Connector building - Defining schema for your objects

In this next section, we go through our current thoughts on how to organize your connector. With this methodology and proper planning, you’ll find it easy to add support for new objects in your connector whilst keeping your code DRY through the use of our object definitions and methods fields. These are all guidelines from learnings that integration developers at Workato have learned over time and may alter slightly based on the application and API that we connect to.

This assumes you have already read all previous documentation about the functionality of the Workato SDK including advanced topics and have already defined and established a connection to the target application. In case you haven’t done so, we highly recommend you do so to recognize the concepts touched on here.

In the examples that follow, we will be assuming that we are connecting to an API that accepts JSON but this can be applied to APIs that accept other data types.

Before going into specifics, here is a high-level overview of connector code could be organized.

Mindmap of connector code

For each action or trigger, both input and output field blocks would reference an object definition tied to that specific verb (i.e. create object action would have an object definition dedicated solely for it). In the object definition block, the schema would be built based on what object was selected by referencing a method that stores the base schema of the object selected. This method would be a resource for all actions related to this action. In the example diagram above, this means invoice schema for all CRUDS actions would reference the same invoice_schema method.

For the execute block, we advise using a single method dedicated for each verb-object pair. This helps to ensure that any pre-processing of input data and post-processing of response data specific to that verb-object action can have a dedicated section in your code. Any general data formatting such as after_error_response or after_response methods can be contained directly in the execute block.

Ultimately, this helps to separate the responsibilities of each verb action and the objects it can support, allowing you to add support for new objects quickly or verb actions for existing objects.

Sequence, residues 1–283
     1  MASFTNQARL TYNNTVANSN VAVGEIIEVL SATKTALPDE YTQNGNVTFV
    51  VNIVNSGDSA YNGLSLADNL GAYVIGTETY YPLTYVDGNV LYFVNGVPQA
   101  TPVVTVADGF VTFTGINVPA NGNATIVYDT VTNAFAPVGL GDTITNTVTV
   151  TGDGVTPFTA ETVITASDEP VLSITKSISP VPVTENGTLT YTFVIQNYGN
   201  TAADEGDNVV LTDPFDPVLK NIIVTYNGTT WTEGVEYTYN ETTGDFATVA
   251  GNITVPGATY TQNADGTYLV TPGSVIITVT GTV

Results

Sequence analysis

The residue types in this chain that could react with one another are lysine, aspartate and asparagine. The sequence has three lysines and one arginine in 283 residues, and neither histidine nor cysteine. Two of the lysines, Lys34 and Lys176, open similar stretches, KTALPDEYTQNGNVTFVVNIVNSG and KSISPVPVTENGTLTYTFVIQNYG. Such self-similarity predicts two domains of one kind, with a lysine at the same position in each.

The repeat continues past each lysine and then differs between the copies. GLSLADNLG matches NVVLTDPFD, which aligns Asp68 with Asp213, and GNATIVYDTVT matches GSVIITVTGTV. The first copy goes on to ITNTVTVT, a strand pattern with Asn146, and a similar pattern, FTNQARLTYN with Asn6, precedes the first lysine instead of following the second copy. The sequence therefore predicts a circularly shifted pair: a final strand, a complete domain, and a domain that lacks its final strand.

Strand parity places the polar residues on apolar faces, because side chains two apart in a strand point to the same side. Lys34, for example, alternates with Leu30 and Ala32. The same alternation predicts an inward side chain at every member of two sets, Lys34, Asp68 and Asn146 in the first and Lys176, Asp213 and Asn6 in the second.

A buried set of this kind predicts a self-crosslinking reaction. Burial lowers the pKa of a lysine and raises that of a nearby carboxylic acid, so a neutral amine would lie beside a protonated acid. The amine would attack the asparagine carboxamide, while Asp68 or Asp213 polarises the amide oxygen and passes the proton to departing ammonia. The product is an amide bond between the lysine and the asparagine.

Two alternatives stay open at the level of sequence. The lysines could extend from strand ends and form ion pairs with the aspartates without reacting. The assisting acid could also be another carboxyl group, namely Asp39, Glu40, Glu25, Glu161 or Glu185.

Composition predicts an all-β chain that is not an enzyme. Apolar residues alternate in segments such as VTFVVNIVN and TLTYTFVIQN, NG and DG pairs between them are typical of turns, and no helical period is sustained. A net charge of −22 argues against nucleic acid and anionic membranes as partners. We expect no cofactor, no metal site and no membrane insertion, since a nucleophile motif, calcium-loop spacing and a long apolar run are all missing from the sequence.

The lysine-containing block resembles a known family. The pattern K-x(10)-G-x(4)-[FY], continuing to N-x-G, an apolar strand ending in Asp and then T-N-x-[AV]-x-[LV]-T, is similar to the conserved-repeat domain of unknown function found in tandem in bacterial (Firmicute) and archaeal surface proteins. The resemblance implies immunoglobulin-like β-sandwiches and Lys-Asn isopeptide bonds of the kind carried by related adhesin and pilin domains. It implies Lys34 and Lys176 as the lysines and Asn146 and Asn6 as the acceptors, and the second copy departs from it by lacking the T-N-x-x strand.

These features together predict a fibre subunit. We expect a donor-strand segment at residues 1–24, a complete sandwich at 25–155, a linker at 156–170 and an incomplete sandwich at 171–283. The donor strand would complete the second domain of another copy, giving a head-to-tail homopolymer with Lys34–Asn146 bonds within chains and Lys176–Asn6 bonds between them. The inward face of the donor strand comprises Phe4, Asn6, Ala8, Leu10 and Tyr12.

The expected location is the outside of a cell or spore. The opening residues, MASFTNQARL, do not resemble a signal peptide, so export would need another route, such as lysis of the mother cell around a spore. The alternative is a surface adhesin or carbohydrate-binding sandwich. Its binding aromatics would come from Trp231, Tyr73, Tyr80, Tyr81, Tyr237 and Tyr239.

Defining the schema of objects

Before writing the code for any actions or triggers, a good practice is to explore the API documentation. Often we find that the payloads expected in requests and responses dealing with a specific object have very similar structures.

This creates great synergy for code reuse as the same schema definition could potentially be used across various actions. For example, in the case of XYZ accounting, the same invoice schema definition could be used for “Create”, “Read”, “Update”, “Delete” and “Search” actions. Below, we will go through how various patterns in defining schema and where to place it in your connector code so that it can be easily referenced.

The schema for input and output fields can be determined both dynamically and statically in Workato. Find out more about basic schema definitions in our object definitions. This largely depends on whether the API you are building a connector to has metadata endpoints available. Below, we first go through examples of how to define schema manually through examples before showing you an example of a dynamically defined input schema.

In simple terms, a Schema definition in Workato is a way for you to tell us the nature of the different properties of an object. When used in input_fields:, we render them as input fields. When used in output_fields:, these render as output data-pills in follow-up actions.

Consider using a collapsible section for these code blocks. The sheer length makes it difficult to navigate the document.

Example 1: Statically defined schema

As a developer building the connector to XYZ labs, the representation of an “Invoice” object in our application might look something like this:

  {
    "TxnDate": "2019-09-19",
    "ID": "1",
    "TotalAmt": 362.07,
    "Line": [
      {
        "Description": "Rock Fountain",
        "SalesItemLineDetail": {
          "Qty": 1,
          "UnitPrice": 275
        },
        "Line-Num": 1,
        "Amount": 275.0,
        "Id": "1"
      },
      {
        "Description": "Fountain Pump",
        "SalesItemLineDetail": {
          "Qty": 1,
          "UnitPrice": 12.75
        },
        "LineNum": 2,
        "Amount": 12.75,
        "Id": "2"
      }
    ],
    "DueDate": "2019-10-19",
    "DocNumber": "1037",